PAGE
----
The Union: A Long, Mighty Struggle

A historic -- and surprising -- election is the latest indication that, for all his troubles, Gorbachev's revolution is transforming his nation

Upon returning to Moscow in 1944 after a seven-year absence, the American diplomat George Kennan was struck by the enigma of an empire both yearning for its rightful place in the modern world and clinging to the enfeebling insularity of its past. "The Anglo-Saxon instinct is to attempt to smooth away contradictions," he wrote. "The Russian tends to deal only in extremes, and he is not particularly concerned to reconcile them. To him, contradiction is a familiar thing. It is the essence of Russia."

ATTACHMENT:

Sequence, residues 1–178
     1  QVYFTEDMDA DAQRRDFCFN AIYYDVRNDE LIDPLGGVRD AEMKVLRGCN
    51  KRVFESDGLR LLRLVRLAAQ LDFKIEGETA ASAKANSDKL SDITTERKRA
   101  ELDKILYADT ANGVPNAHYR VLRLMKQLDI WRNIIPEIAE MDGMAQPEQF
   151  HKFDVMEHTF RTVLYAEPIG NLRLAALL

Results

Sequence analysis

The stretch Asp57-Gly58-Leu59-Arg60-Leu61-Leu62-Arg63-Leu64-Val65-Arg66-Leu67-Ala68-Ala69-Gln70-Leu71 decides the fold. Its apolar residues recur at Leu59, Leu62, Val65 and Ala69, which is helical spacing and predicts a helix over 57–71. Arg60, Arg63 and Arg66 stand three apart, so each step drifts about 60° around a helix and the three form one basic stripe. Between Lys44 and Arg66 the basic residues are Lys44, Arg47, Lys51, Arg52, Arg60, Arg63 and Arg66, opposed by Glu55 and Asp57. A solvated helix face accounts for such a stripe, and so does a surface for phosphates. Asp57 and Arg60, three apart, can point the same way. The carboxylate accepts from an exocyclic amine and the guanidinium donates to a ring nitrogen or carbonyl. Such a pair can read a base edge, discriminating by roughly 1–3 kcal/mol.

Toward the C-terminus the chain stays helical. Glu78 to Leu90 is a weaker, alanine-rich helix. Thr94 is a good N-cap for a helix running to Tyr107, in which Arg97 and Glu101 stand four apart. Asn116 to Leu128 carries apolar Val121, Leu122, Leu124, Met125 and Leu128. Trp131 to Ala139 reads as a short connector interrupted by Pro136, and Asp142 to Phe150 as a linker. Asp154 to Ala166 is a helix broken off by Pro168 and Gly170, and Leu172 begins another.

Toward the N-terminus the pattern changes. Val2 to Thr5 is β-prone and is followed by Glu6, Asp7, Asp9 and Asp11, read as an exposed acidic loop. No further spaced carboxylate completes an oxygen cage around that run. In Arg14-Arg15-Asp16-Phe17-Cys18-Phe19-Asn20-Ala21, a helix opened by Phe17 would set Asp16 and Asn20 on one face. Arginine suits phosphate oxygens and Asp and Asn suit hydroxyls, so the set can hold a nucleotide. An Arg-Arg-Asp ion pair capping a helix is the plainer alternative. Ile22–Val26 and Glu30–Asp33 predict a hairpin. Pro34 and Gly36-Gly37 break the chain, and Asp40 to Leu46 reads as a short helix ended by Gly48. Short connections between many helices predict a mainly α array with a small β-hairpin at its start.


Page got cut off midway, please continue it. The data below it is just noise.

Contradiction has also become the essence of its second revolution, the radical crusade by Mikhail Gorbachev to...

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